We sat down with panelist Lawrence Florin, Consulting Partnerships at Medidata Solutions to discuss risk-based monitoring and managing, industry trends, and the upcoming 2014 Partnerships in Clinical Trials Conference. Check out the interview below.
Given that you’ve worked both on the sponsor and vendor side, what are some things you learned and now apply in your day-to-day business operations?
The most important insight I have gained is the importance of understanding and appreciating the needs and concerns of all parties at the table. That said, ultimately everyone is focused on driving improvements in the lives of patients and everyone has a role to play to achieve that objective. Further, mid-sized and larger sponsor organizations continue to build deeper relationships with their vendors. As a result, a sponsor’s expectation of the value each vendor has to offer increases. Vendors are convinced that their ability to continually deliver higher value is through longer-term, more strategic relationships. Regardless of the many ways that these relationships can be defined, the value is delivered in the form of people, process, technology and data. Lastly, the most compelling observation I have made is how the level of engagement has evolved. Sponsors do not only desire high quality, cost-effective services and technology; they now are inclined to sit down and listen to the vendor’s value proposition—even if it encroaches on their own core competencies—and find ways to incorporate the offerings to complement their own agendas. Similarly, vendors appreciate that as the stakes become higher, they must continually improve, innovate and find ways to share their expertise to address the breadth of their clients’ clinical development (and potentially commercialization) challenges.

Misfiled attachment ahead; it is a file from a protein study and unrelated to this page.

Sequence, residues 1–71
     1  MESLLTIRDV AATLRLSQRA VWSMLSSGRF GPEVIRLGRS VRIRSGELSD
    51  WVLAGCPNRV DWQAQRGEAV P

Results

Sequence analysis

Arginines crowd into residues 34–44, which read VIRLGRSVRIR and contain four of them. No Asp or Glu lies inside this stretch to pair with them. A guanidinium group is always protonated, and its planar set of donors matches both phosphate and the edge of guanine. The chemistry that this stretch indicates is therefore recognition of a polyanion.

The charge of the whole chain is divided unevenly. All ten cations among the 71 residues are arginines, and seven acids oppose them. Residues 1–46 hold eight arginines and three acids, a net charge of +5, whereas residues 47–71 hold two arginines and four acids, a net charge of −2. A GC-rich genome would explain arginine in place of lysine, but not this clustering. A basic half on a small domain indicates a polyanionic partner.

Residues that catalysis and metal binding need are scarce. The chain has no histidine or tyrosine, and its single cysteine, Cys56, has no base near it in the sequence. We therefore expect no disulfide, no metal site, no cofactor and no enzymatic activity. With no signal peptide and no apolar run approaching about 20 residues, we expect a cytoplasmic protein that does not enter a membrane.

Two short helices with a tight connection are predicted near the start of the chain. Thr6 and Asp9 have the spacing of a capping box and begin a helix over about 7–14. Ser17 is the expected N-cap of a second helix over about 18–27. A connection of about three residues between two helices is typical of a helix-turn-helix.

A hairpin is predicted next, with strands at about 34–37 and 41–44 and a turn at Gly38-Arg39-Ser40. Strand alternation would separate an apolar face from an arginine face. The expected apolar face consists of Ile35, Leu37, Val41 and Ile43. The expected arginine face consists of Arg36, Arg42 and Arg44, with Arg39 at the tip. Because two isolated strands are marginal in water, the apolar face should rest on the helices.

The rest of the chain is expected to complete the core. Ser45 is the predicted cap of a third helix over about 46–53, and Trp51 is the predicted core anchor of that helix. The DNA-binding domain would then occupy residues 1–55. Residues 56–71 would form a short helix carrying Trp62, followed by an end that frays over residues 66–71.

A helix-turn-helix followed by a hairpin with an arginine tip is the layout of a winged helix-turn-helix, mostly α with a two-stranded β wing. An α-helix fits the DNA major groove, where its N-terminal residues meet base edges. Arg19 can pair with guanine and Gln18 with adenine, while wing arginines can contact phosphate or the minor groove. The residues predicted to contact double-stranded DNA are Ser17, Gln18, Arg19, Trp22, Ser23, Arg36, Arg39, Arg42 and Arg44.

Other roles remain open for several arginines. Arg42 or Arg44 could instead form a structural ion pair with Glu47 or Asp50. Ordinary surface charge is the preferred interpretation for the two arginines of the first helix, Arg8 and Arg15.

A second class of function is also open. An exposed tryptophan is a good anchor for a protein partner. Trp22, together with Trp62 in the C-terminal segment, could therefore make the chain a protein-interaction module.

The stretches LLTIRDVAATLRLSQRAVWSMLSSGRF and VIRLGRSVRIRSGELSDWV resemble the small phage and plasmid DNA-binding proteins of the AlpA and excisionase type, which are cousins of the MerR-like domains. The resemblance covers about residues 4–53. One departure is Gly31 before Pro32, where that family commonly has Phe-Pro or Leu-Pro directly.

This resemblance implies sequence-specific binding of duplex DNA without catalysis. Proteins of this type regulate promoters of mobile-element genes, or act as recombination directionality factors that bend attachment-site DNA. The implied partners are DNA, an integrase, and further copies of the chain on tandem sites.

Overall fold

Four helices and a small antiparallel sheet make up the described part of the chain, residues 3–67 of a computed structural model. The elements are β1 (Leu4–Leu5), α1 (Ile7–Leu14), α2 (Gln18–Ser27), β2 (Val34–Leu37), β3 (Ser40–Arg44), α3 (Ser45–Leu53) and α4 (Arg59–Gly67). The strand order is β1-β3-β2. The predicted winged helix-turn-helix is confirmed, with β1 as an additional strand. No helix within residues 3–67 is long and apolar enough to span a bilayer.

What trends are you seeing within the Pharma Industry and why are they developing that way?
As everyone recognizes, for the past several years, pharma has struggled to address a perfect storm of industry-wide challenges that first surfaced due to patent expiries of a series of blockbuster drugs and their associated diminishing revenue streams. The impact of this first challenge has been magnified by the demands presented by healthcare reform and an increasingly complex regulatory environment, coupled with the escalating influence and pressures from payer organizations globally. That said, the industry has grappled with these issues and is now turning the ship into the headwind. Organizations are compelled to operate in a leaner, more collaborative manner—more work is being outsourced and more assertive business development (licensing, M&A), co-development and co-marketing activities are being undertaken. The realization of the need for more collaboration has inspired the creation of government, industry and academic consortia to tackle everything from disease area research to establishing clinical development execution standards to coordinating reimbursement criteria, even to conducting comparative effectiveness programs. Companies have rationalized their portfolios and concentrated efforts in carefully selected therapeutic areas and indications to deliver more targeted therapies. More attention is directed towards patient outcomes, starting in clinical development and continuing throughout the life cycle management of the product. All of these efforts are geared toward ensuring that the industry thrives, and the successes are beginning to slowly, but surely, coalesce. A new norm is emerging, with the only certainty being that the industry will continue to confront and need to address more rapid disruptive and transformational changes.
What do you see as the top three challenges in risk-based monitoring and/or risk-based study management? How is Medidata addressing these challenges?